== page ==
I chose to row (at school), being unable to see a small ball in motion and thus having no ability for cricket, tennis, squash and all that…… But to hit the water with an oar seemed to require a less complicated coordination than to strike a ball moving at 70 mph or more…… My rowing was rough and ready but enough to earn a place in the school’s Fourth IV thanks to muscular power. The only thing to be said in the crew’s favour is that the number 3 in front of me, Richard Norton, later won the Silver Goblets at Henley….. He was one of the most pleasant and elegant persons I’d ever known. I was a wild but successful boxer at school – until I was required to fight Richard. It was suddenly impossible to treat him as I had treated everyone else (but) since he was even less skillful than I, my punches went through but none of his did…. I eventually begged him to drop to the canvas because he was taking an awful beating…. Naturally, he rejected this ungentlemanly offer. Victory may have been on points but I never boxed again with any serious effort. The anger that had made me a successful boxer had gone. I very much regret that I never thanked Richard for how he had innocently helped me.

When I’d left school and started to work at John Barker’s (department store), we still lived on Kensington High Street, with Hammersmith just down the road. There were a few oarsmen from my old school at the vastly more important Thames and London rowing clubs, but I wanted something a little less demanding, for summer week-ends, so joined the Kensington Rowing Club under Hammersmith Bridge based solely on the logic of its name. One of my few very successful choices. To begin with I rowed only in the summer season since I played London Club Rugby in the winter, but after three years or so rowing took over entirely.

Kensington, founded in 1872, had produced Olympic and top-flight scullers in the more distant past, out of whom W.D. ‘Wally’ Kinnear was still alive and well and whose company we had the honour to enjoy and to receive from him encouragement over his last years…… You felt that you were in the presence of Gods looking down upon you from the sepia photos of a society long gone. It was perhaps a club best suited to the individualist, but no matter. We enjoyed all our rowing, all the time.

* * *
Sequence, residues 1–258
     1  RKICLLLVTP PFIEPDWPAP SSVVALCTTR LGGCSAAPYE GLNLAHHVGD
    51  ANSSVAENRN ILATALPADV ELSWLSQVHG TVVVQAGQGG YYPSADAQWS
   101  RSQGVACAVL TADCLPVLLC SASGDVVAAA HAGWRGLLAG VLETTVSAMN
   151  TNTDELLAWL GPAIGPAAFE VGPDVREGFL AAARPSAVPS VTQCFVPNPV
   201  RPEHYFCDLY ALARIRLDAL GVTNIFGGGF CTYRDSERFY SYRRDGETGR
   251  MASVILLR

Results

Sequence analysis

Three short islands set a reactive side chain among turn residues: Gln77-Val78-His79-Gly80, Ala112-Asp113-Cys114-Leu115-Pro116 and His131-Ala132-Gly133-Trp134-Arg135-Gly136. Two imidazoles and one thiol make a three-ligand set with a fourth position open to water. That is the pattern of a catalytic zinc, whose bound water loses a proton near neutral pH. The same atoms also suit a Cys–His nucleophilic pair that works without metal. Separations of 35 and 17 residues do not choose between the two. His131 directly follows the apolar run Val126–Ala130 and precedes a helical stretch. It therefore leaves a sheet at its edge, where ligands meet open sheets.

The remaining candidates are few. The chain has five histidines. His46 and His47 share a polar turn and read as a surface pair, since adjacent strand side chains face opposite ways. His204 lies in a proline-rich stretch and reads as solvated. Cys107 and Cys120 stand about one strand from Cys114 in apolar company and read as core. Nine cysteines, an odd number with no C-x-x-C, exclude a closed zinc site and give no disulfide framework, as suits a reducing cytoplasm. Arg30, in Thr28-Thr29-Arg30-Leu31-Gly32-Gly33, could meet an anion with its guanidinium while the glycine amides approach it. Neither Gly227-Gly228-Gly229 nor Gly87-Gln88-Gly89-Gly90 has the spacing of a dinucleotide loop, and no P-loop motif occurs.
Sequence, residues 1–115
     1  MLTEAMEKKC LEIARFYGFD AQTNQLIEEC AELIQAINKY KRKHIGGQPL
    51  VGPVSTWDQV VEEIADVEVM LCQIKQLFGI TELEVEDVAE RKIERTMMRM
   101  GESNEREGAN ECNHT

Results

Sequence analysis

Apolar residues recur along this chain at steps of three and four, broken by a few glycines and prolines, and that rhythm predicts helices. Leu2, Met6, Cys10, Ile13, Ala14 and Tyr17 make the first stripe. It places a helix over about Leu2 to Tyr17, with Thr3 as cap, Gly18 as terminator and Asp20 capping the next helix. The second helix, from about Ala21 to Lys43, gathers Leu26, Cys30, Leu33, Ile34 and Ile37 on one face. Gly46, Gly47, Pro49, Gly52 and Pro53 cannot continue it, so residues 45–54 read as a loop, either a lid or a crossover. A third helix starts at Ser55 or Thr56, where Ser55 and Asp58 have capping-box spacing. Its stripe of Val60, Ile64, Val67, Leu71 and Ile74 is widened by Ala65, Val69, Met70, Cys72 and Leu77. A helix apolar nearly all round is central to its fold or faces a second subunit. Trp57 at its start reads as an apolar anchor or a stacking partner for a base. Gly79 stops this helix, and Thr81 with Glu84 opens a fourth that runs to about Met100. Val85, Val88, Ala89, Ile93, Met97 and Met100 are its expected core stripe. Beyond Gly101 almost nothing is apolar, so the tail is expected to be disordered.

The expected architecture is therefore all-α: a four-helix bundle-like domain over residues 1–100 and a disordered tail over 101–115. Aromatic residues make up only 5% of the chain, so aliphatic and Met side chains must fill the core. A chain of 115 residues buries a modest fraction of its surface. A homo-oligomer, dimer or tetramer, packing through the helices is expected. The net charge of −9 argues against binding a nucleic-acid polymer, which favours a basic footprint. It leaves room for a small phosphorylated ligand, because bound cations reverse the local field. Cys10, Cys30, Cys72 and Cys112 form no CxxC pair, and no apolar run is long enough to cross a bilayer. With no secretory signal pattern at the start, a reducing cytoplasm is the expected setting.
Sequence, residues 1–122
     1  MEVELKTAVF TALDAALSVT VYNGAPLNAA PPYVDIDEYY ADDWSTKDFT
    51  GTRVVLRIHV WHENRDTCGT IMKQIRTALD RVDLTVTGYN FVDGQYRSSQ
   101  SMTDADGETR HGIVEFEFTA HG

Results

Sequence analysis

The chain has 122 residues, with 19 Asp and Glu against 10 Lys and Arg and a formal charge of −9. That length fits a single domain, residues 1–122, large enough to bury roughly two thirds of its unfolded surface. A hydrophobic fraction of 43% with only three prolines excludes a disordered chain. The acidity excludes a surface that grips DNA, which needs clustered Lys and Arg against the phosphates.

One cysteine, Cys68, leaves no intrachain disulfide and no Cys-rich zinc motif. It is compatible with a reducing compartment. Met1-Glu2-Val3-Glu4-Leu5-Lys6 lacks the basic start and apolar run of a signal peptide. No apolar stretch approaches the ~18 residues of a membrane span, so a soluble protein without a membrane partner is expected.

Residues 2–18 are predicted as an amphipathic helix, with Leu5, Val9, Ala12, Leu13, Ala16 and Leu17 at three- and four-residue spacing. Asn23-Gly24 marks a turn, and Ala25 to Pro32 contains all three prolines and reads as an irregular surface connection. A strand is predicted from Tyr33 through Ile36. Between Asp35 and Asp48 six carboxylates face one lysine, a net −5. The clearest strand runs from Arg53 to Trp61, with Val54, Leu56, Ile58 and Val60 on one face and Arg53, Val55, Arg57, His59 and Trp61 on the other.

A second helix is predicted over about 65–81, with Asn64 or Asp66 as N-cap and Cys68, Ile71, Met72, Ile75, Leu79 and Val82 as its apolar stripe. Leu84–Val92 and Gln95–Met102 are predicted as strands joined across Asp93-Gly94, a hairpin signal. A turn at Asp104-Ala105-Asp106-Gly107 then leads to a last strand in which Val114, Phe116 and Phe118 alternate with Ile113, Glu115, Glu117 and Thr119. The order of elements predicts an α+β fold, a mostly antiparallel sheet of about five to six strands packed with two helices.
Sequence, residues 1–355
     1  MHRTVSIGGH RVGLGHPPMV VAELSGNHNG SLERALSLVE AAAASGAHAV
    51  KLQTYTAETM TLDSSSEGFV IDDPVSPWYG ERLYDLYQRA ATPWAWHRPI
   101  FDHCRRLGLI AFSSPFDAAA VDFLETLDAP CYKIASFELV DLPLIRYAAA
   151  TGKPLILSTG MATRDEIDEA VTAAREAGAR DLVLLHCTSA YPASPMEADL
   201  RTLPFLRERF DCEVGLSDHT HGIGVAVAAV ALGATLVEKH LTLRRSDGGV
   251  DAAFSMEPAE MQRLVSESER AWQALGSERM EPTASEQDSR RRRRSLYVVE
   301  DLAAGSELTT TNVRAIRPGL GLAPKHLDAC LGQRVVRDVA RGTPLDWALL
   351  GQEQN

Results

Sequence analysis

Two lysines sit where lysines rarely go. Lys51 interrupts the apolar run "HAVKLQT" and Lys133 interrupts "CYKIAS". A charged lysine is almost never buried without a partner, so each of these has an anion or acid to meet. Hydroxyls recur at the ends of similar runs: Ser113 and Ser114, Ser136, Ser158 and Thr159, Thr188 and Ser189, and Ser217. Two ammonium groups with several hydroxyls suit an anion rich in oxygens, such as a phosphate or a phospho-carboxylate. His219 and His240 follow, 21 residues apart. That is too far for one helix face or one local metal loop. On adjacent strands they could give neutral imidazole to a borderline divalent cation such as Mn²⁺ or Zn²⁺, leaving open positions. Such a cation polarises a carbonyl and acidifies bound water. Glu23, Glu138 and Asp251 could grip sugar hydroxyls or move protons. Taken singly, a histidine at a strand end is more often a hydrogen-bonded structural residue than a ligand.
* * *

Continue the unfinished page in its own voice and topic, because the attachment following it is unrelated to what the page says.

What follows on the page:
This was the middle 1950s and small clubs like KRC were still trying to revive membership after the war, so anybody was welcome. For ten years I was a very active member, taking on positions from Asst. Secretary….. to Secretary and then to Vice Captain, appearing momentarily at Henley for a few years running and rowing Heads of the River and all the regattas from Reading to Putney and back again. Even won a few trophies now I come to think about it – the’ve been upstairs in the attic for decades, banished by my late Wife but are now allowed back into the light. Sorry dear……..

The main spin-off benefit was, of course, the friends you made. There are alas only four of us remaining (in 2011) from out of the crews to which I belonged – all the rest have long since rested oars. But the friendships were like those made at school, in the army or during other tough and determining times – forever…… As a 17-year-old living at home, with neither money nor social groupings to hand, the rowing club was tailor made……

We were a weird and wonderful bunch, always a source of mystery that nine such conflicting shapes and personalities from such diverse backgrounds, eight of us alas, with conflicting rowing styles, could be brought to do the same thing for hours, keep the rhythm, follow the leader, apply or reduce pressure when the Cox so ordered, but rowing is the epitome of team work.

I look over the few photographs I have been able to collect up over recent years and remember all with the greatest affection…. (There) was Buster Marnoch, a healthy built South-African, after whose sister I unsuccessfully lusted for years, who was part of the boat’s power house….. we used to get very silly on Drambuie and talk to the stars till dawn… Our coxswain, Jimmy Pigden…..(today) still rowing, coxing and sculling with the veterans….. We had a Cambridge man… whose college style was totally different from ours…… (Bow) could not resist trying to stroke the boat in a middle of a race… (Stroke) could not be hurried even when it was absolutely essential. We regularly had Norwegians, Danes and Swedes in the boat…… each with his own home-grown rowing style, and yet the crews were crews and actually won races. Except that, at Henley Royal Regatta, we rarely got past the first round.

Pic 3. Practicing for Henley, 1958. Henri is at ‘2’.
Practicing for Henley, 1958. Henri is at ‘2’.

A close friend from…. (KRC) had a polio-withered leg…… Brian Woodhouse (also) had the unusual middle name of ‘Adolf’…. because he had been born in the Channel Islands during the German occupation. We were always greeted with ‘Here comes Goebbels and his Jewish friend’. I revelled in that cheap popularity…. [Nazi Leader Joseph Goebbels also had a deformed leg. T.K.]

I never sculled but rowed all the other boats, perhaps most successfully in coxless pairs which were more of a challenge, something of a dare, since we always seemed to go out on what promptly became nasty, choppy water, and I was steering, with my eyesight and glasses covered with spray. Indeed, several times we were forbidden to go out at all, but ignored the prohibition. This was because John Dixon, whose partner I was….. was an even bigger thug so that we could always manage somehow…. The boat was very old, from well before the Second World War, unusually long and would twist in all directions at once, but remained solid and sang like a bird once you got it moving…..